Best Buy founder's strategy: Cut prices to better compete
The retailer's founder is hoping to revive business by trimming prices while still focusing on customer service, says the Wall Street Journal.
Best Buy founder Richard Schulze sees a combination of lower prices and good customer service as the key to saving the company.
The electronics giant is in the midst of a major sales slump, hurt by competition from online retailers who can dangle cheaper prices without the brick-and-mortar overhead. To cut costs, Best Buy is aiming to close more than 50 stores and shrink the size of its remaining ones.
Schulze believes such cost-cutting and store-closing moves will ultimately drive the company out of business, according to the Wall Street Journal (subscription required). Instead, he wants to compete against the Amazons of the online world by slashing prices yet offering the same in-store experience mastered by the likes of Apple.
Schulze's strategy may be tough for Best Buy to swallow, as it would initially increase costs at the same time the board is striving to cut them. But the founder has another trick up his sleeve --.
Schulze, who currently owns 20 percent of Best Buy, just submitted a proposal to acquire the retailer for between $24 and $26 a share, a hefty premium over the stock's recent trading prices. If successful, he would take the company off the market, no longer answerable to public investors who have been dumping their shares.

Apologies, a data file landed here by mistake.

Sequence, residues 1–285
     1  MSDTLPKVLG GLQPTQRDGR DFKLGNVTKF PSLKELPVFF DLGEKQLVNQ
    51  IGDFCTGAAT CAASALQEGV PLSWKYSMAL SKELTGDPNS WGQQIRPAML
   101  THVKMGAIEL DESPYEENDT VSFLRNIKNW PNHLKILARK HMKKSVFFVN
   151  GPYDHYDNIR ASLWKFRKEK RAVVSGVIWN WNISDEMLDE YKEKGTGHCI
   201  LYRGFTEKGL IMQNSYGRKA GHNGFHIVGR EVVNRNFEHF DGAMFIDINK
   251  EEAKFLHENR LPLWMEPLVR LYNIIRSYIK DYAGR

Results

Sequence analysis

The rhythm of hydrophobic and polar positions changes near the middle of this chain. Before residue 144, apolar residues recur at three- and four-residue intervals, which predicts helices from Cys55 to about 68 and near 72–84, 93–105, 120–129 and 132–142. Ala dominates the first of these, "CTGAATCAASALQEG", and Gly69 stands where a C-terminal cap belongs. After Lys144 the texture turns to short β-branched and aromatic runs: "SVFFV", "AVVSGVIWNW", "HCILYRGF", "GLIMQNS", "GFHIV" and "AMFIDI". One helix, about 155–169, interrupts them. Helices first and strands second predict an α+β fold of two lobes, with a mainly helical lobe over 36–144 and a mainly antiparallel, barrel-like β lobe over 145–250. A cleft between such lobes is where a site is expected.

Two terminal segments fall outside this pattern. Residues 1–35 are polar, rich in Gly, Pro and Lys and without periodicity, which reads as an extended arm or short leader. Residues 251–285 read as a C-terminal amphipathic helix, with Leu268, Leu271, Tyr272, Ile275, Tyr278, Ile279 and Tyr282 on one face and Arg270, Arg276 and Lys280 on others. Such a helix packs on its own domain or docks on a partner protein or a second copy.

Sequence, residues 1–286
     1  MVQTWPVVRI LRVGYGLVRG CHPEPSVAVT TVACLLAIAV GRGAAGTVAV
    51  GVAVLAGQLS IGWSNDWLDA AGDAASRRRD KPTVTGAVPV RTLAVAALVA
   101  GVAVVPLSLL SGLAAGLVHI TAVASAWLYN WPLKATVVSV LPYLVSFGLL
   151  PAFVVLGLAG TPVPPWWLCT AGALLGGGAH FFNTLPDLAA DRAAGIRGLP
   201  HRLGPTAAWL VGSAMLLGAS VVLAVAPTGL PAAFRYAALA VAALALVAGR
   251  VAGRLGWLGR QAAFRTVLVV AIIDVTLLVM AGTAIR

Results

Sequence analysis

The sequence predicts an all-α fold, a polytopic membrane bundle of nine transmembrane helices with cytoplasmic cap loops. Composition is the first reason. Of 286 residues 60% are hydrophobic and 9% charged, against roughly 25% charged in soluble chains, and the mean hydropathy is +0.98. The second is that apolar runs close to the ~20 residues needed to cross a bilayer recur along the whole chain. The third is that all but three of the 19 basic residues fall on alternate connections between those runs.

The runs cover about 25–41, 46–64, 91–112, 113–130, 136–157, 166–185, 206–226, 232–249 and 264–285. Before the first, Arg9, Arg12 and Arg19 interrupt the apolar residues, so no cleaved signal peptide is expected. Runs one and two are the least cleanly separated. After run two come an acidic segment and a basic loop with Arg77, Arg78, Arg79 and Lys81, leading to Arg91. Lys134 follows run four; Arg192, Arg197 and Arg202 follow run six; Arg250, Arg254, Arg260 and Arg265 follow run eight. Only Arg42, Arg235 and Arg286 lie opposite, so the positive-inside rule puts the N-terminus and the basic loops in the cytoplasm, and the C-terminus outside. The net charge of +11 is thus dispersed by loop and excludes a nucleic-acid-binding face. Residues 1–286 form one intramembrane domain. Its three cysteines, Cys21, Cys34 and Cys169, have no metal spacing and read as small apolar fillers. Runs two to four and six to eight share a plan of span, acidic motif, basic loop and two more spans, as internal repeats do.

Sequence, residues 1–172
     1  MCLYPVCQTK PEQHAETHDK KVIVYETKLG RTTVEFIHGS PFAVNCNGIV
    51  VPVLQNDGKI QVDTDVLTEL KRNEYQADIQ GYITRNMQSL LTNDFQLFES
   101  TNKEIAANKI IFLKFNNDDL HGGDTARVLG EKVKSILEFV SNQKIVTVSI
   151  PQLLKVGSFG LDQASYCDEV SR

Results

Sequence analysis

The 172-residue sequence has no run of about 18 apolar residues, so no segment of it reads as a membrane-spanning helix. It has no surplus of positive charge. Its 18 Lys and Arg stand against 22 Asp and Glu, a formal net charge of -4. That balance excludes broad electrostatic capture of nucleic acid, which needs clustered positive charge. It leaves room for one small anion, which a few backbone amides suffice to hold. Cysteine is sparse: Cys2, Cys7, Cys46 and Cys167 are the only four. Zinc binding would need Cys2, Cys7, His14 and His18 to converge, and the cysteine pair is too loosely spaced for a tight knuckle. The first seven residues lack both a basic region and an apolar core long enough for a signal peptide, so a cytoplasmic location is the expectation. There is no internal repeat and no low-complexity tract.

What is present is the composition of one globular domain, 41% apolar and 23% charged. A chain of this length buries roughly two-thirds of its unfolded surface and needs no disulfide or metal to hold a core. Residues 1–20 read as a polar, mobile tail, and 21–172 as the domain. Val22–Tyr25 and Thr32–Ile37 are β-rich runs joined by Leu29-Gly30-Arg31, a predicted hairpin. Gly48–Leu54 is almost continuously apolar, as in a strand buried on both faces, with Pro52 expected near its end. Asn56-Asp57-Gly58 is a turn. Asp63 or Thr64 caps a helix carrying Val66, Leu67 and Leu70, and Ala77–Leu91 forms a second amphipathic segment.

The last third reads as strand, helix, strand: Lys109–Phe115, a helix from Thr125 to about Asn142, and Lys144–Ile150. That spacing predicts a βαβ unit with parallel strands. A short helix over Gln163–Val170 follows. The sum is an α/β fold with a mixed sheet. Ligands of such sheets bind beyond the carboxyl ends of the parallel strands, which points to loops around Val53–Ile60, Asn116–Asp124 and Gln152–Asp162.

Buying out the company would cost $10 billion altogether. Schulze would have to come up with $3 billion in cash to fund the deal. Around $1 billion would come from his own stake in the company, with $2 billion to be raised from private-equity firms and other investors. That would leave $7 billion, which he'd likely have to raise by issuing debt.
Any talks of a potential buyout are on hold for now. The Best Buy board of directors plans to wait until earnings are announced on Aug. 21 before putting Schulze's offer on the table.
Schulze himself wasof Best Buy's board recently after he was caught up in an investigation involving former CEO Brian Dunn.
An independent probe found that Dunn had "an extremely close personal relationship with a female employee that negatively impacted the work environment." Schulze was aware of this relationship but failed to reveal it to the board. Ultimately, the action cost both men their jobs.